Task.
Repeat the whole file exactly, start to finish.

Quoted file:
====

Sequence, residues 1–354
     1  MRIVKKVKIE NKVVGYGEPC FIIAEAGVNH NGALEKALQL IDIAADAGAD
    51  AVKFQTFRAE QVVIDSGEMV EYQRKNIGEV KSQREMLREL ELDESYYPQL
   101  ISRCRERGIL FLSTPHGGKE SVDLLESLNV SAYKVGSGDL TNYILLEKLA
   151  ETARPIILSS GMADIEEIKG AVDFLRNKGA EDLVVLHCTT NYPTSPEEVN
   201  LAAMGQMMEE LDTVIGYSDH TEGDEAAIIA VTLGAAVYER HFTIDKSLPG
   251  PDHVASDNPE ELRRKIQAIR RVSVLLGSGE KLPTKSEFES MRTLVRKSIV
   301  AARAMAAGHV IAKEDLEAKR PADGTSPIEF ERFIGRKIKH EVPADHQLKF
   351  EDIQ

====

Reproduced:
Sequence, residues 1–354
     1  MRIVKKVKIE NKVVGYGEPC FIIAEAGVNH NGALEKALQL IDIAADAGAD
    51  AVKFQTFRAE QVVIDSGEMV EYQRKNIGEV KSQREMLREL ELDESYYPQL
   101  ISRCRERGIL FLSTPHGGKE SVDLLESLNV SAYKVGSGDL TNYILLEKLA
   151  ETARPIILSS GMADIEEIKG AVDFLRNKGA EDLVVLHCTT NYPTSPEEVN
   201  LAAMGQMMEE LDTVIGYSDH TEGDEAAIIA VTLGAAVYER HFTIDKSLPG
   251  PDHVASDNPE ELRRKIQAIR RVSVLLGSGE KLPTKSEFES MRTLVRKSIV
   301  AARAMAAGHV IAKEDLEAKR PADGTSPIEF ERFIGRKIKH EVPADHQLKF
   351  EDIQ